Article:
Despite standing at just 5'3" tall, Janet Yellen is one of the most powerful woman in the United States and perhaps the world.
As the first woman to become Chair of the Board of Governors of the United States Federal Reserve System, she is a Wonder Woman of Wall Street and the epitome of Alpha Rising, TheStreet's special series covering ground-breaking women in business.
She was nominated by President Obama to succeed Ben Bernanke back in 2013 and has more spent more hours at the Fed than just about anyone. Because prior to getting the top spot, she was Vice Chairwoman from 2010 to 2014 and President and Chief Executive Officer of the Federal Reserve Bank of San Francisco before that.
And this Friday at Jackson Hole, she will give one of her most anticipated speeches on the state of the economy. She is expected to focus on financial stability and probably will mention her concern that inflation still is falling short of the 2% target. She has been uber accurate in noting that expansive monetary policy would not create inflation.
Yellen has a mission to create jobs for all American's though women remain a key priority.
In a recent speech at Brown University, commemorating 125th anniversary of women being admitted to the school, she spoke about how "women continue to be underrepresented in certain industries and occupations; and too many women struggle to combine aspirations for work and family."
"Evidence suggests that many women remain unable to achieve their goals," she said in that May 2017 speech. "If these obstacles persist, we will squander the potential of many of our citizens and incur a substantial loss to the productive capacity of our economy at a time when the aging of the population and weak productivity growth are already weighing on economic growth."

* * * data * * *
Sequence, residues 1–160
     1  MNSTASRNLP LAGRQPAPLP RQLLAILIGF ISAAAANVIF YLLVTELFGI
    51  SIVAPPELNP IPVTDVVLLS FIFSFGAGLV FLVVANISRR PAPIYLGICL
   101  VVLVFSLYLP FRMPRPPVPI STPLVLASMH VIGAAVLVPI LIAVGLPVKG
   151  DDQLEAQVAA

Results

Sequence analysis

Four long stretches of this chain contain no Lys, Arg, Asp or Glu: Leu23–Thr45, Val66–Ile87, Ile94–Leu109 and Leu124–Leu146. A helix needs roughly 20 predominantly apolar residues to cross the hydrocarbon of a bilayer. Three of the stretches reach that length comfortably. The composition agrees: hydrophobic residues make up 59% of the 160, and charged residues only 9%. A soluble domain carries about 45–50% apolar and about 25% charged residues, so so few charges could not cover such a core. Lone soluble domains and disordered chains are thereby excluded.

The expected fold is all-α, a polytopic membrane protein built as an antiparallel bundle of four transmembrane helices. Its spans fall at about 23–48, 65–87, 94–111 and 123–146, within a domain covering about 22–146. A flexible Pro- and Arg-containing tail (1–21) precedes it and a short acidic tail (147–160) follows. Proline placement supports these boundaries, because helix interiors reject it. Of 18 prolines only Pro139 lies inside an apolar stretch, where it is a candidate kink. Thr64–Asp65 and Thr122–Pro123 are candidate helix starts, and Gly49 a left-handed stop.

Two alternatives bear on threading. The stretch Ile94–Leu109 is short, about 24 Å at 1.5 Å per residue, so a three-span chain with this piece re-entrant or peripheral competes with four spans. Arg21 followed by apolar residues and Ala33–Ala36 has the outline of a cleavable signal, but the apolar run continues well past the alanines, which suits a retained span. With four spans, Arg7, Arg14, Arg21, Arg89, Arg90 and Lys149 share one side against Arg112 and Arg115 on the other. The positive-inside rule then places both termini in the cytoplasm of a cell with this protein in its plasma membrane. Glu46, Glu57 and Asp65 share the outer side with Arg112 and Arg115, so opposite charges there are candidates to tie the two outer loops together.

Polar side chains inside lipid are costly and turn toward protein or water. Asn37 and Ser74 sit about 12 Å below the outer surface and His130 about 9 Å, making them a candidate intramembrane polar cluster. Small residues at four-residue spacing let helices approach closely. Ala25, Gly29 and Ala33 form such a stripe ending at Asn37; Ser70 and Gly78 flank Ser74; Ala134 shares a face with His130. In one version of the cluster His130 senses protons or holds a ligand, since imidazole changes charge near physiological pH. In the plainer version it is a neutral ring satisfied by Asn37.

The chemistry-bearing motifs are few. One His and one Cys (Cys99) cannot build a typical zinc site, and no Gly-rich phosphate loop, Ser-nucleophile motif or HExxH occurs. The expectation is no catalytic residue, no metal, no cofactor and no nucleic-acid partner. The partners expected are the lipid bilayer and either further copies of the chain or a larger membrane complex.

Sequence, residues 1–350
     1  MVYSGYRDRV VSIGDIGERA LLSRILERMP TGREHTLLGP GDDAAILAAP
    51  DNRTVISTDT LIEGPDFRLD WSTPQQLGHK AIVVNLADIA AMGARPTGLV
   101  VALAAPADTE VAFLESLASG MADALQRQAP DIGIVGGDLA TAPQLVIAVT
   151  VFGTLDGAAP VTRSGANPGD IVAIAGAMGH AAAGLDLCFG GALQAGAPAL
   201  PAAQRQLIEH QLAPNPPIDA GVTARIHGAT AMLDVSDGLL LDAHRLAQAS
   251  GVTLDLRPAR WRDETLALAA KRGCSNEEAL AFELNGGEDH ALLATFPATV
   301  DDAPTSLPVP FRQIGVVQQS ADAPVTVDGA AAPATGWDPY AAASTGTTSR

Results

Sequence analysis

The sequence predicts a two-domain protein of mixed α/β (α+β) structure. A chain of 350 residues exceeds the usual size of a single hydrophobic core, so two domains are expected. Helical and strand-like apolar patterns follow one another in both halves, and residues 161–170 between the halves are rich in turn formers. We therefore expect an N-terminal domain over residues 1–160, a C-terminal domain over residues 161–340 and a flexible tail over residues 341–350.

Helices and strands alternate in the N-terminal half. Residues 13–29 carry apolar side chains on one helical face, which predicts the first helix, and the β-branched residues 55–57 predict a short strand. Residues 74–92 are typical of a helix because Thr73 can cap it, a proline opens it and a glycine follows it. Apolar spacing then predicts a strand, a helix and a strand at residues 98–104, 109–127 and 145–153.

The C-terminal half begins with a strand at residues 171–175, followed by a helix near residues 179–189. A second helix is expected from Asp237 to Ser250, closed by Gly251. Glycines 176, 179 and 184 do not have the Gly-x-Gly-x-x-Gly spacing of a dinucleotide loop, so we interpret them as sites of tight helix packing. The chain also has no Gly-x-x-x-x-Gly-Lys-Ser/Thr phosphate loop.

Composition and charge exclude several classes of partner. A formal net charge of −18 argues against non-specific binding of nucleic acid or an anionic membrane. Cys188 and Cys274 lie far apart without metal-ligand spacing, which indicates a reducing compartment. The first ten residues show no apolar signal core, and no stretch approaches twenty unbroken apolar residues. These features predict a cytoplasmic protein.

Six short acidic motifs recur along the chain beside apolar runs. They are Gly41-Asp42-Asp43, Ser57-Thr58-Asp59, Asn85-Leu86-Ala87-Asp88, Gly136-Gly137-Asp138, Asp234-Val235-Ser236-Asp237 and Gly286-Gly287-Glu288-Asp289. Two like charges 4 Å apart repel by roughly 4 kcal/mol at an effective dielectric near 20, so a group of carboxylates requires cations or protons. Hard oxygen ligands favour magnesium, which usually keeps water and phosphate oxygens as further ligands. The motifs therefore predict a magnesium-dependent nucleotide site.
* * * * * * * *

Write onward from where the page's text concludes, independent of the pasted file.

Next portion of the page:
And that is exactly why we launched Alpha Rising. Women are underrepresented in the C-suites and boardrooms. So we strongly support our Fed Chair in her mission. So does Christie Hefner. And Carly Fiorina. And, quite frankly, all of the women we have interviewed for #AlphaRising.
And even though Yellen wasn't a household name before her Senate Confirmation on January 6, 2014, she has been a quiet role model and a gentle giant for women throughout the years.
Climbing the ranks in the male-dominated world of economics and being mentored Nobel-Prize winning economist James Tobin at Yale, where she received her Ph.D. in 1971, Yellen now stands taller than all of them.
(Her husband is Nobel Prize recipient George Akerlof, who she met when they were both working at the Federal Reserve in 1977. We would love to be a fly on the wall during dinner!)
We at #AlphaRising are hoping this is not the last time Federal Reserve Chair Janet Yellen testifies before the House Financial Services and Senate Banking committees.
But if it is, we are confident that she will continue to be heard over the noise.
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